Healers were called ‘tauyp’, people who healed with herbs were called ‘dariger’. Surgeons were called ‘otashy’, bonesetters were ‘synykshy’. There were graduates of Bukhara and Samarkand madrasah among Kazakh healers. They knew medical treatises of Ibn Sina. They widely used medicines and even poison in small doses.
According to researchers, at the turn of XIX-XX centuries, Kazakh healers of Turkestan only knew 227 medicines of plant origin.
Medicine of animal origin was also used in the medical practice. These are bear and swan bilis, badger, sorcery, goose, lamb and horse adipose. Kazakh healers were aware about the human anatomy as well. They were able to determine the diagnosis and subsequent treatment after the person’s pulse.
Patients in semi-arid and arid areas were treated by sand baths. Sick people in the winter were recommended to take warm water bath with salt and various herbs. Kazakh doctors had known the healing properties of salt lakes and mineral springs from olden times. Such treatment helped to heal people from many arthral, internal and external diseases. Kazakh healers treated a number of diseases by rolling up a patient into newly slaughtered sheep, goat, calf or foal’s skin. They often used method of treatment with bloodletting in diseases related to blood pressure. Kazakh healers also treated with leeches. They poured fresh ashes or put burnt piece of felt to disinfect and stop the bleeding.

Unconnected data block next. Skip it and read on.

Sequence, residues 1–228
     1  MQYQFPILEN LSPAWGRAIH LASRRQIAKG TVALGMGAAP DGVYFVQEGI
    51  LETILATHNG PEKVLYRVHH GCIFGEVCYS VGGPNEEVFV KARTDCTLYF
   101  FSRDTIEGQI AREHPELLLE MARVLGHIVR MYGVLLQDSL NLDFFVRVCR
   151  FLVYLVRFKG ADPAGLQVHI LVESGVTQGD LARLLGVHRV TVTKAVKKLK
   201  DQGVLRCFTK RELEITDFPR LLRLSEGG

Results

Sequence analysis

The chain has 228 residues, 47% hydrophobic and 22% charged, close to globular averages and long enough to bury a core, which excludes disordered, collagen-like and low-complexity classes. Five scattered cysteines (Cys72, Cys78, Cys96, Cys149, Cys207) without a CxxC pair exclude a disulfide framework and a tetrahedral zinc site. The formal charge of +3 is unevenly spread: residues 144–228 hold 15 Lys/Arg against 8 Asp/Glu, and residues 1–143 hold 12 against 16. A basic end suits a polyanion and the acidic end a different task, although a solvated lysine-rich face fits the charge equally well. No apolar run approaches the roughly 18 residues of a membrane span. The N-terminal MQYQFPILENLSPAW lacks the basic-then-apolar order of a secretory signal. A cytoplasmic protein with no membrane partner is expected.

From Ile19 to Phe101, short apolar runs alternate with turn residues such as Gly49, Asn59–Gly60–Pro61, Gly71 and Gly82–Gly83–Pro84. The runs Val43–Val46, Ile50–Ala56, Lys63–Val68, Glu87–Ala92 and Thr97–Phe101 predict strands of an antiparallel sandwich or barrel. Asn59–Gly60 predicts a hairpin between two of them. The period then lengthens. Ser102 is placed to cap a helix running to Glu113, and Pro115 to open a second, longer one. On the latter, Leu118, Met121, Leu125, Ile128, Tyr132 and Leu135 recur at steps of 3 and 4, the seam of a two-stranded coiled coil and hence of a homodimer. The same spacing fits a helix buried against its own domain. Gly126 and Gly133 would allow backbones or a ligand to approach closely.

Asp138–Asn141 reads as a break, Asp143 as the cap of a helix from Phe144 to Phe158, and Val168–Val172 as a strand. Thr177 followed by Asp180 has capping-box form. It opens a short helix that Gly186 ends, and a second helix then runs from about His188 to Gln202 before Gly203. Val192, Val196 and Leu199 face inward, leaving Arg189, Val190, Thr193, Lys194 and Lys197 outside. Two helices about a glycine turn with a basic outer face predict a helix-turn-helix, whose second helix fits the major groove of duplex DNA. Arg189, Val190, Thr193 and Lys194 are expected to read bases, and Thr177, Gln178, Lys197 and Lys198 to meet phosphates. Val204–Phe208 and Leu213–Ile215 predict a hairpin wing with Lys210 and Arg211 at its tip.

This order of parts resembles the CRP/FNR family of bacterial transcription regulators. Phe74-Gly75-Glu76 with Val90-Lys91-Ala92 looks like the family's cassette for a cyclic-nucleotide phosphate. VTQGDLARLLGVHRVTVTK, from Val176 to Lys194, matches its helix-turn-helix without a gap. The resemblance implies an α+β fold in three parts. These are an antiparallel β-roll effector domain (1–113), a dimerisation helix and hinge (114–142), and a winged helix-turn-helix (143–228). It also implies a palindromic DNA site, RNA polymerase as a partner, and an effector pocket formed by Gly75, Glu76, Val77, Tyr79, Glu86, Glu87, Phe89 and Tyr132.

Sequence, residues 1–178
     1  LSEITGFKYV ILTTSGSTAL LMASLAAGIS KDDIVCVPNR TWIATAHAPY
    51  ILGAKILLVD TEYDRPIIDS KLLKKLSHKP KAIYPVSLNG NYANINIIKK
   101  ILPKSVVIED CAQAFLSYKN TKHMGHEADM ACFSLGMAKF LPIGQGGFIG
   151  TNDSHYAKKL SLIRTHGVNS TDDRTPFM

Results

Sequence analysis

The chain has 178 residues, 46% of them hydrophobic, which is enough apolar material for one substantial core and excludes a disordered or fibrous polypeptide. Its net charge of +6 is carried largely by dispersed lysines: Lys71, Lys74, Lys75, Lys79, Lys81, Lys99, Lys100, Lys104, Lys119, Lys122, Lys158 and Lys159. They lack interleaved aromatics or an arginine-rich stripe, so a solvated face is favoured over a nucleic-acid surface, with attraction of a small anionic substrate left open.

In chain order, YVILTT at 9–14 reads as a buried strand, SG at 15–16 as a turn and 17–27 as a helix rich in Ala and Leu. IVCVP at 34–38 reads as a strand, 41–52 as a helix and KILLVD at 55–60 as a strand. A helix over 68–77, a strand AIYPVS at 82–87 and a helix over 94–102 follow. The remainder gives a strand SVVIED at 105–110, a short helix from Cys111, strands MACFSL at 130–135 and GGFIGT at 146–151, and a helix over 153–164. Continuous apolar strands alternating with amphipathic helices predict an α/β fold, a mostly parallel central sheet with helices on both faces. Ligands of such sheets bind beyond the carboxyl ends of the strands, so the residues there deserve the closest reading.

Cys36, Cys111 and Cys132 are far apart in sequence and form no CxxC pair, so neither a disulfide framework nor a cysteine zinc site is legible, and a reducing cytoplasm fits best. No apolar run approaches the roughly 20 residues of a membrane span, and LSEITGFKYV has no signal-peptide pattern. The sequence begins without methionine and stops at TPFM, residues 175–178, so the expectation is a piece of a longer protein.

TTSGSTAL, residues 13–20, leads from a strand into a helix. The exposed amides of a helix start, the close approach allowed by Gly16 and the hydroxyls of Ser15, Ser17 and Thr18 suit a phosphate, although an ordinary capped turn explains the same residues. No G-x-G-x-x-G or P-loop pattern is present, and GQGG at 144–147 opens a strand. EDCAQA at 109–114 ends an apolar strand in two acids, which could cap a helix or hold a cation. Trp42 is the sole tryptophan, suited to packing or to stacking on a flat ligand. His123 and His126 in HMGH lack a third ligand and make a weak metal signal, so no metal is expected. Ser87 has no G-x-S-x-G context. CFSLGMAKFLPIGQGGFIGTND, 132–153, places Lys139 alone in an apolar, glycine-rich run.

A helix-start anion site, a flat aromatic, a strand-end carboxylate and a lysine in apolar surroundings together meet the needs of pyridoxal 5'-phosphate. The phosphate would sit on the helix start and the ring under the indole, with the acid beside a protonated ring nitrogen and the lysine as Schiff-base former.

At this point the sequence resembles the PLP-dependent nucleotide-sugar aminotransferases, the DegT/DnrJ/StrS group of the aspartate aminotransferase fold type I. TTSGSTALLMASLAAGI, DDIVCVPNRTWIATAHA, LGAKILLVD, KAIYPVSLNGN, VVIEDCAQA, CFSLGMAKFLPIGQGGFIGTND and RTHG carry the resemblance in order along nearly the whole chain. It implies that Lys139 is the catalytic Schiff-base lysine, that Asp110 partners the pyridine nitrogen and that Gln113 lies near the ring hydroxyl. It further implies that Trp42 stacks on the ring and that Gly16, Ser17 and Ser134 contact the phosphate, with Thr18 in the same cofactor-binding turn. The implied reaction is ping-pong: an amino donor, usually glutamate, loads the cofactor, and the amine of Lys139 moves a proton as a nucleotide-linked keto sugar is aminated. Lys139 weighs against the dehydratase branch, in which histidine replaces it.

The healers could do cesarean section as well. The bonesetters could reduce almost any dislocation of the limbs, collarbone and even thighs. Mental illnesses were treated by shamans (baksy).
Z.E.Kabuldinov History of Kazakhstan
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